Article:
No pain, no gain, right? Well, not when it comes to your knees. Sore knees are a common complaint from workout fiends — and they can definitely be a downer. “You may be in a tough place but knee discomfort doesn’t mean you have to cut exercise out completely,” says Cris Dobrosielski, American Council on Exercise Senior Consultant on Personal Training and owner of Monumental Results. Making a few easy modifications to common strength moves can ease the aches and safeguard your joints during exercise.
Word to the wise: See your doc if you’re experiencing tenderness in your knees after workouts that persists for more than a few days, even with rest, Dobrosielski advises.
5 Ways to Give Your Knees a Break Next Time You Sweat
1. The Move: Lunges
Your knees might ache if your legs lack sufficient strength. (Never skip a leg day, right?!) Or maybe your ambition got the best of you and you did far more reps than you should have.
The fix: Relieve some pressure from knees by doing stationary lunges instead of moving ones. Here’s how: Stand with your right foot forward and anchor your left foot in place. Bend your right knee to lower into a lunge, then raise up to start position. After finishing your reps, switch sides. You may have heard the old advice to keep your knee directly over your ankle while you lunge, and that may work for some. But the most important factor, Dobrosielski says, is that you feel your glutes doing most of the work. Squeeze your booty and feel the burn.
2. The Move: Squats
A common knee-pain problem: Squatting lower than your body can comfortably manage, putting too much of a load on joints.
The fix: Try using a physio ball to help support your lower back and keep pressure off of your knees. Stand with your back against a wall and position the ball against your lower to mid back, then squat.
3. The Move: Glute Kickbacks
Because you perform kickbacks on your hands and knees, you may run into knee problems simply because may not have enough padding around your knee to support your weight.
The fix: Add a second mat or find a spongier mat. It may be simple and logical, but, hey, it works.
4. The Move: Burpees
A deep squat is central to this plyometric move. But if you’ve got a weak squat, adding jumping into the mix can strain connective tissues like tendons and ligaments.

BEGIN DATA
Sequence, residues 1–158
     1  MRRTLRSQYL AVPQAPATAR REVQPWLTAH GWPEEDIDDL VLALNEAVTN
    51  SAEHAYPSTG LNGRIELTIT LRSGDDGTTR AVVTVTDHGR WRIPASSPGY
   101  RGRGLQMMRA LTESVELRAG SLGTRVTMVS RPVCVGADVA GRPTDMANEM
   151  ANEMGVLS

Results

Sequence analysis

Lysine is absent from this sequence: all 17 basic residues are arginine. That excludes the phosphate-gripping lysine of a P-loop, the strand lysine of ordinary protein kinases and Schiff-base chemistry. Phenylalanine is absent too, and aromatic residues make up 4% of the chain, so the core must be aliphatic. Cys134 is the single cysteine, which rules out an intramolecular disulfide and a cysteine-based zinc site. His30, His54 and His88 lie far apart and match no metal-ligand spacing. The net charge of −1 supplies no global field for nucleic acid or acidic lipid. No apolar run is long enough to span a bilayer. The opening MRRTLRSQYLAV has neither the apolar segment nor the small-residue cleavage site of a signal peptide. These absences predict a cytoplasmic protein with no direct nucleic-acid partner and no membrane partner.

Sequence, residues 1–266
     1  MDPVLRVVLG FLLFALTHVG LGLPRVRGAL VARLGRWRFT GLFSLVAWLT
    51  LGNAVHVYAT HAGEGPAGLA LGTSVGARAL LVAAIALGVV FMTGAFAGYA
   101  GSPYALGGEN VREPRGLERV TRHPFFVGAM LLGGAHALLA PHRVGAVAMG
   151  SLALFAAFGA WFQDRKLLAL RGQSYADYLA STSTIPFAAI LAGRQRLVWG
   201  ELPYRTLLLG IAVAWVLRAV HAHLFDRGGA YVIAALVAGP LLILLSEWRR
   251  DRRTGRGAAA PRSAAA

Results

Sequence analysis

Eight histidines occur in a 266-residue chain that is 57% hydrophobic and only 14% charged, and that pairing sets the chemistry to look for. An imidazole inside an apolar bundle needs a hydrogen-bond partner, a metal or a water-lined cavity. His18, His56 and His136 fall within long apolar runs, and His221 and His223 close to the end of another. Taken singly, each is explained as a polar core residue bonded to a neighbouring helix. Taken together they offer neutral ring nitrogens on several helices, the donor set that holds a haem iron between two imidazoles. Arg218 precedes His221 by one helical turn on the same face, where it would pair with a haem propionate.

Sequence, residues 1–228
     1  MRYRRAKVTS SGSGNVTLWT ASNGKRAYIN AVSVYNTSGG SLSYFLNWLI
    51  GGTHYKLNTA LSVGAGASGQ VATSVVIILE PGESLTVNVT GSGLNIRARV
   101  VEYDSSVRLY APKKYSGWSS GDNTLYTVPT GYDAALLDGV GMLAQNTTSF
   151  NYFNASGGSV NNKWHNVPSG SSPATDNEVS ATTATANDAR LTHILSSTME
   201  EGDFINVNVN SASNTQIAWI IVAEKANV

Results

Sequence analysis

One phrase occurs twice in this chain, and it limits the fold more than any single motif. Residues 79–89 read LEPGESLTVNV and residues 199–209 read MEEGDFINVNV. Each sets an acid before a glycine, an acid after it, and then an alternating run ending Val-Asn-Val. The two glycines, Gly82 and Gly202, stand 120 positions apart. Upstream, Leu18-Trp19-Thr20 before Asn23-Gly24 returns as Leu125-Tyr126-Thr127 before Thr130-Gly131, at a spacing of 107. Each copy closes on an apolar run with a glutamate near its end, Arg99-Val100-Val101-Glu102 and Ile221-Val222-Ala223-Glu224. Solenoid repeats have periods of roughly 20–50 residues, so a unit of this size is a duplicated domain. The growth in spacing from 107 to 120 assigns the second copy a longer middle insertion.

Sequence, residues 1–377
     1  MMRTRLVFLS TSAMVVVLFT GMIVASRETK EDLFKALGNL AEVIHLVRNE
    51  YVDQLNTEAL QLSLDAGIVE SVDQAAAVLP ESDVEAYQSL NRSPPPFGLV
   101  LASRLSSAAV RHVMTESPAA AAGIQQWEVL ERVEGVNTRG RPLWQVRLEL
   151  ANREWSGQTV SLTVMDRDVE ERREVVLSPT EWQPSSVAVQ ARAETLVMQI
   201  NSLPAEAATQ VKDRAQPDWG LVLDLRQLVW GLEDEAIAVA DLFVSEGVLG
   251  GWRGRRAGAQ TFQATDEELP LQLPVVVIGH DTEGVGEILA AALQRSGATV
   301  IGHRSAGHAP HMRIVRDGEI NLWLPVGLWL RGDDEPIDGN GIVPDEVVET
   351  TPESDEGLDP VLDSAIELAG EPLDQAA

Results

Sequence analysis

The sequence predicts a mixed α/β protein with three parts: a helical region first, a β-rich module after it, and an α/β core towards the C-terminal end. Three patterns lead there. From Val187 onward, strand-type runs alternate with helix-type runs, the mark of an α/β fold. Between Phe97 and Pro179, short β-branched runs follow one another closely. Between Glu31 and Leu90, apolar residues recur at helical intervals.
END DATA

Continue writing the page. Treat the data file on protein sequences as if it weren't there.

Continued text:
The fix: “The key to a good squat is learning to hinge from the hips. This will help your butt go back; otherwise your knees will come forward, stressing the joint,” says Dobrosielski. In a squat, keep your chest forward and your back straight (don’t round out your shoulders). Your weight should be in your mid-foot and heels, not your toes. As you lower, you should feel your hamstrings and middle and lower butt muscles engaging — not your upper legs and knees.
Before you do a round of burpees, practice a proper squat. After you have it down, progress to single-leg squats, which will improve strength, mobility and balance in each leg. Then, get your burpee game in check. “Don’t do too many reps at once,” he says. Start with two sets of 10 burpees.
If jumping isn’t an option for you, you can walk your legs back into the push-up and then walk your legs forward after the push-up. Then, skip the jump and simply squat instead, he advises.
5. The Move: Box Jumps
Jumping helps keep bones strong, says Dobrosielski. However, proper progression is key. In other words, start with small jumps, and work your way up to bigger things.
The fix: Before you reach for a box, go ahead and start with standing jumps first. Then, progress to split jumps (stand with one leg forward, bend into a lunge, jump on your way up and switch legs in the air). Jumping exercises can be tough, so you’ve got to start with a number that’s doable for you. Try two sets of 5 to 10 reps. For a “jump-free” box jump, practice step-ups onto the box. Add variety by doing a set forward, laterally and diagonally.